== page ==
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Fally Ipupa, the Congolese prince of the globalized rumba

Culture and Music

He is nicknamed the Wonder Dicap, El Maravilloso, El Magnifico and so on. The mark of the great Congolese music scene. So many “stripes” for this 5-star General of the rumba earned on the battlefield of Kinshasa where competition among artists is also as ruthless as it is in the US, where groups appear and end as fast as tropical rain.

Fally Ipupa will celebrate this year his ten years of solo career and one that is part of the very exclusive club of the continent’s stars and has set himself a goal of being the first star of his country to conquer the world market. “I made the tour of Africa, I have nothing to prove it, he says. I want to go to the other side, entertain Asian audiences, European or American. ”

Rumba overboosted

The introverted young man born in Bandal, Musicians district of the capital, after a slow start in myriad formations, turned into an attractive ambitious kid over the years. In 1999, his transfer at the age of 22, in the Latin Quarter Group, the famous formation of the no less famous Koffi Olomide, was already much written about.

Taking his time to refine his exceptional talent as a singer, in 2006 he began a solo career with his debut album right path; the ndombolo (this super rumba that connects youth) to new accents and a huge success: more than one million copies, pirates or not sold on the continent and in the diaspora (including a gold record in France). Two other opus, Arsenal beautiful melodies (2009) and Power Kosa Leka (2013) would definitively take over.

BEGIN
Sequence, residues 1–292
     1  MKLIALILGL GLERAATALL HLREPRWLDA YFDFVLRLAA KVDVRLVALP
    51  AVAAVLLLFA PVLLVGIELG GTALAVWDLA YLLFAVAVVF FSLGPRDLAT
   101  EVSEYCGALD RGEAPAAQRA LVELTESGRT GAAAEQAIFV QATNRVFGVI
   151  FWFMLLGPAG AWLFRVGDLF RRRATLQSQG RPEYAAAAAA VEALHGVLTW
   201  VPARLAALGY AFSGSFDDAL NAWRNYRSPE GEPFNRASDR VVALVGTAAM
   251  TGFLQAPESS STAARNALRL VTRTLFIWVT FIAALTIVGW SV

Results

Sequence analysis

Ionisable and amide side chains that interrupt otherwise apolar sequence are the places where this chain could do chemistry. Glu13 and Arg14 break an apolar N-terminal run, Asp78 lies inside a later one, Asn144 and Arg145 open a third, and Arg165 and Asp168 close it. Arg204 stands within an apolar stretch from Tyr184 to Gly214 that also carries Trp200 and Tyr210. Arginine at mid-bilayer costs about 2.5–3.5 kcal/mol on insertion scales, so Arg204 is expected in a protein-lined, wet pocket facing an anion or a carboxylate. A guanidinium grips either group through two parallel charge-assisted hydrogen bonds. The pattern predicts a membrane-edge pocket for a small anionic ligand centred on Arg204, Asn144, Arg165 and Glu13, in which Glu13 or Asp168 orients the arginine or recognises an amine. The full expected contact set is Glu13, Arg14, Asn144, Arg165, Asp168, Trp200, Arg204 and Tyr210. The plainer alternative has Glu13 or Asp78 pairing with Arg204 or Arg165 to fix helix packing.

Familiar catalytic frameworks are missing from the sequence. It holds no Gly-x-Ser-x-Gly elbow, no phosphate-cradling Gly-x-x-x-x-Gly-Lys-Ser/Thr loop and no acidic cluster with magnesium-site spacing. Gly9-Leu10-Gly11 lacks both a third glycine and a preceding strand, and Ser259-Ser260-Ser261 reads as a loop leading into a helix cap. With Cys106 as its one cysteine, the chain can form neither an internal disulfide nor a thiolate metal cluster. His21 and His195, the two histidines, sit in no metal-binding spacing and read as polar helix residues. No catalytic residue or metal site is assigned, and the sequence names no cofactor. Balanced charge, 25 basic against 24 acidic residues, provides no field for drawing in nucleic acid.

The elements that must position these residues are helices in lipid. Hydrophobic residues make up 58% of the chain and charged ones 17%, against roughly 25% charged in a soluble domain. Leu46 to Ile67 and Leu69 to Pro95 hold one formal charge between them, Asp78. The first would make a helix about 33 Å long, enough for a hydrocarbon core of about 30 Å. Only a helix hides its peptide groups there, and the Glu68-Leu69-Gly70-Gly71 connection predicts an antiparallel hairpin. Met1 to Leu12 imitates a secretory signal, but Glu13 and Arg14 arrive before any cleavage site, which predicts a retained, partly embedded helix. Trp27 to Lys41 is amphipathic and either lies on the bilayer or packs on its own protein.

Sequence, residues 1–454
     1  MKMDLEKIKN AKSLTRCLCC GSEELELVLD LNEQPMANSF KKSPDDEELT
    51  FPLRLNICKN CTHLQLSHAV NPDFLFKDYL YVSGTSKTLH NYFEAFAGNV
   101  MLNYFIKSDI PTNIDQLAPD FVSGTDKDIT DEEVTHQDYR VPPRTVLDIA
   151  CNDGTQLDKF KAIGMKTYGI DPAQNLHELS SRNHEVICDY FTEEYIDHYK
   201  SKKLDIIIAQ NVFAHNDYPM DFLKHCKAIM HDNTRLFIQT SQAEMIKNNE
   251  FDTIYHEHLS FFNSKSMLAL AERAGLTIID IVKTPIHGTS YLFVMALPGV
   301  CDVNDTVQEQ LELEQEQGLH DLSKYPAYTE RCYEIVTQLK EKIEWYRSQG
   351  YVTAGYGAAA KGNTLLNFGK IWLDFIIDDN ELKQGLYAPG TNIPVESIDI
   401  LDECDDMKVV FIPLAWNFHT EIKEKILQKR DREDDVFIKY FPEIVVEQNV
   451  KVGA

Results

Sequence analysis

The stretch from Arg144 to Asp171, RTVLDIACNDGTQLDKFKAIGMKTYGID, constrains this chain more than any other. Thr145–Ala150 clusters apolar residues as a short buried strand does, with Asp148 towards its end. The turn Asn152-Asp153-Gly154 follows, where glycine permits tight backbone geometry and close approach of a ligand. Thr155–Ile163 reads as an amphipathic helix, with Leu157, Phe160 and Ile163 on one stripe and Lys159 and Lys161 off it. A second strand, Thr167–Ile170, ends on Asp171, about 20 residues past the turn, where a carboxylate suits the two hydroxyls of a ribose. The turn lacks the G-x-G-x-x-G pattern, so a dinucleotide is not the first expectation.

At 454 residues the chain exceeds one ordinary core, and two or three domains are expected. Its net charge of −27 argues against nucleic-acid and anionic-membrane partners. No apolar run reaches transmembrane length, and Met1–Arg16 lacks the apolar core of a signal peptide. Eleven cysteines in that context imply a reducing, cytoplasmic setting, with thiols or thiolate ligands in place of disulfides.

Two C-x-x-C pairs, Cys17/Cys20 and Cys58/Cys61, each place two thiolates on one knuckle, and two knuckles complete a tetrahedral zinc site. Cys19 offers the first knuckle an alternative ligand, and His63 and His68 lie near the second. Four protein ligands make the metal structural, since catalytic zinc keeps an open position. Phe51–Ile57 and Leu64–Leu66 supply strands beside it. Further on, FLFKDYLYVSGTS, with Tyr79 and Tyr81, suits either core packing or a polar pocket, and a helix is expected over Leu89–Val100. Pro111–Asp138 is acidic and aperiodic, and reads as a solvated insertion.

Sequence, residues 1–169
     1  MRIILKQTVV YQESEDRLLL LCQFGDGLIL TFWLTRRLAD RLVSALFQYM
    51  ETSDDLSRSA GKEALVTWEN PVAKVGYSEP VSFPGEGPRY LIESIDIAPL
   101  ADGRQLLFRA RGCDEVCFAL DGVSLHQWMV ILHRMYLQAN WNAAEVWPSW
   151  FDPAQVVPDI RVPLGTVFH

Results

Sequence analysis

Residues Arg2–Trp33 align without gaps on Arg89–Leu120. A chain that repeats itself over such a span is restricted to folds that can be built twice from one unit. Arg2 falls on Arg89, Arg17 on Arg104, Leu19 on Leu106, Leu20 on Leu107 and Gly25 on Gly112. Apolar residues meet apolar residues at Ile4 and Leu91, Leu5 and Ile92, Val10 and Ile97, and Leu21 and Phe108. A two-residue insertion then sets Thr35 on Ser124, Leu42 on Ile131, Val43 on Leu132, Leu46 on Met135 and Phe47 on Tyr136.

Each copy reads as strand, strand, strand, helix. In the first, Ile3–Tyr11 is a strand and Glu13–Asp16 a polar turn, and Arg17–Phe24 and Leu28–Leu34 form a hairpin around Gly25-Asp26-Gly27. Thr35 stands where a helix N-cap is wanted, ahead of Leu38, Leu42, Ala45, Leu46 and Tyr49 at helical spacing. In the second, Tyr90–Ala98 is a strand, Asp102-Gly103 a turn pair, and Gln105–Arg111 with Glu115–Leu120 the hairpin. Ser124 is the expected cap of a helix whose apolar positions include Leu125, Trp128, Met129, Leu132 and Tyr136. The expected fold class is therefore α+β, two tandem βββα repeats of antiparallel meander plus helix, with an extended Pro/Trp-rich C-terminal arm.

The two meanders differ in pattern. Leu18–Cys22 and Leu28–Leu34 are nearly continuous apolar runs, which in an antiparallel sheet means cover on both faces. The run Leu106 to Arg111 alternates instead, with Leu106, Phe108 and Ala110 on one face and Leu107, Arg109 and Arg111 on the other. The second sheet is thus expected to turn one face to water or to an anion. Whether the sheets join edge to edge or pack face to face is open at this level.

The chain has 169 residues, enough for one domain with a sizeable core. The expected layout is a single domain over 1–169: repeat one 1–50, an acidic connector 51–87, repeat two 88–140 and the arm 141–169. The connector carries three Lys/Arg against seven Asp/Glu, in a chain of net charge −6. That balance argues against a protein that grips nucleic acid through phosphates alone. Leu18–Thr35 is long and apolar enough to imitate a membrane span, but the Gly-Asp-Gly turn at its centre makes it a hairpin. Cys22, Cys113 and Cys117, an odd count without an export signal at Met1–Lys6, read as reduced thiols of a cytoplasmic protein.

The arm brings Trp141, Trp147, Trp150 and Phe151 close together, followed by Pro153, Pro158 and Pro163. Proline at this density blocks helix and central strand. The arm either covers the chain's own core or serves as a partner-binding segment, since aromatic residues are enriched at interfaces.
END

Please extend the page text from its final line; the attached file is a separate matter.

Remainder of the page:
Read also: rumba, soundtrack mutations of Congolese society (French)

“Congolese music was a real mess, express Fally Ipupa. My seniors, Tabu Ley, Kanda Bongo Man, Werrason and others such as JB MPIANA never wanted to be exported outside the continent as they earned a lot of money.” A few nuances however: Franco had sketched the leap into the world market before dying in 1989. Papa Wemba had also attempted an approach with three albums (The Traveller, Emotion and Molokai) made under the leadership of the rock star third World, Peter Gabriel, between 1992 and 1998; and then there was the unique opportunity offered to Koffi Olomide when the fires of French and European events were pointed at his concert (a first for an African star!) in 2000 in the Paris Bercy hall arch-height, a chance he did not know how or would not want to seize.

Read more on the French version.

Source: Le Monde Afrique

This post is also available in: French

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